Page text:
Any person who is considering undertaking this walk should do careful research and make their own assessment of the risks, dangers and possible problems involved. They should also go to “Important information” for further important information.
COMMUNITY COMMENTS AND PHOTOS
Posted on: 27/08/2012
The following is Martin Sweeney’s piece on walking here, which was on our longlist for our 2011 Travel Writing Competition.
Inspiring description of weather clearing just in time on Mt Snowdon.
The summit was encircled by black cloud and mist, with visibility measured in yards. A howling gale blowing through - seemingly from all sides at once - threatened to sweep the unwary off the ridge, and cold and wet, my girlfriend and I reached the summit of Snowdon.
In the midst of a hot summer, we had set out to climb one of Britain’s favourite mountains. Fully expecting the famous picture-postcard views throughout the day, we had arrived instead to a dank, drizzle-drenched scene, with the less well prepared walkers turning back from the car park before their treks had even begun.
We began our approach to the mountain from the east, along the Miner’s Track, treading across the grey rock, worn down by the long-dead miners of the Britannia copper mine over the hundred years before it closed for the final time during the Great War. easing into our stride, we crossed the causeway over the tranquil waters of Llyn Llydaw. The early part of the walk was easy, but above us we could see greying cliffs and greyer skies. We felt certain though, that the clouds would lift as we gained the summit; this was our day and the mountain would surely not disappoint.
Approaching the steep ascent above Llyn Llydaw, the track seemed to vanish up the hillside, becoming almost vertical from our perspective. Struggling upwards we stopped several times for breaks, each time peering down at the water below, where the few figures in view became ever more distant.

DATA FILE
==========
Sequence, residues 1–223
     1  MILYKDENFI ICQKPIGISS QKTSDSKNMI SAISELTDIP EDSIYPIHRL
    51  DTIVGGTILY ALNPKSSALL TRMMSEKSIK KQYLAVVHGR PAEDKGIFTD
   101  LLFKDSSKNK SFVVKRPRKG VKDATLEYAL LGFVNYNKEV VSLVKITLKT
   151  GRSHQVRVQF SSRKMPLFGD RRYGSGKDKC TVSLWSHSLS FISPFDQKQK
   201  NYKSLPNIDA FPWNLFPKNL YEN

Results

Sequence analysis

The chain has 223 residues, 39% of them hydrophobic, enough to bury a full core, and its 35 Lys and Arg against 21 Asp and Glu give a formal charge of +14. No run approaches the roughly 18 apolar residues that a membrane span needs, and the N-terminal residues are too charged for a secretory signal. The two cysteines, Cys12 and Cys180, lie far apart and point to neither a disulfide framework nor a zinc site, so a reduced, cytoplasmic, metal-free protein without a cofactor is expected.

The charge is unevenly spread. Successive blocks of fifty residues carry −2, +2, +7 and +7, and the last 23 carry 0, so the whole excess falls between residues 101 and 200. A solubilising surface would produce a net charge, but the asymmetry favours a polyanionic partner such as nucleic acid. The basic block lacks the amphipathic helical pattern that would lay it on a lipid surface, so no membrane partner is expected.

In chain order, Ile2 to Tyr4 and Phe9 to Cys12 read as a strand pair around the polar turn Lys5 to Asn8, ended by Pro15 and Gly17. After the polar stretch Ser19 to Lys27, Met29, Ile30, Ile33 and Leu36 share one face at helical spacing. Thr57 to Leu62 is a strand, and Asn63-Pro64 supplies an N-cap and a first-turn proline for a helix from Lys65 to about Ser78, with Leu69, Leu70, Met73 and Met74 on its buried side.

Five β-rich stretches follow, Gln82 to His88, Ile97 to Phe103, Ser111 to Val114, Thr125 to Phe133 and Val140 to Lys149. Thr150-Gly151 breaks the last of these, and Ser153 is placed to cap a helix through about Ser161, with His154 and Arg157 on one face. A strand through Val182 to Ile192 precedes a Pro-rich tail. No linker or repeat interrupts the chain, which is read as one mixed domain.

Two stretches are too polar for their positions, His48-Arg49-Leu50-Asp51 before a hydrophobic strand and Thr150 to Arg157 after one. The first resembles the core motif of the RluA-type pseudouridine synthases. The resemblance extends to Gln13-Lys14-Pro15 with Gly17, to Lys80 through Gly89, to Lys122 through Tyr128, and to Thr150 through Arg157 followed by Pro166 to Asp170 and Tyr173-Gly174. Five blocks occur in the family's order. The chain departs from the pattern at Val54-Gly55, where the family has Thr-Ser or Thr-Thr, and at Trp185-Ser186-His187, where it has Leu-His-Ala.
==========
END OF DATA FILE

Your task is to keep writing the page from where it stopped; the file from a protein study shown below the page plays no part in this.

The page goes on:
The sound of voices above us signalled our arrival at the Pyg Track, where our ascent became less steep for a time, and the infamous Snowdon crowds began. The continuous stream of people heading upwards along this motorway of a trail threatened to destroy any sense of wild beauty the mountain held, but the ubiquitous friendly nature of the hillwalker, offering smiles and hellos, helped to compensate for this.
Through a thickening mist and a strong, almost burning wind trying to drive us back, we forced our way up towards the summit. Nearing the top, we found that extra energy the body always holds in reserve and seemed to glide upwards, in contrast to our progress up the steep and rocky path by the copper-blue Glaslyn lake. Topping out by the tourist railway that traces the Llanberis path from the valley below, the final few hundred metres along the ridge passed easily. With no sign of a break in the clouds though, the glorious view to both east and west was absent.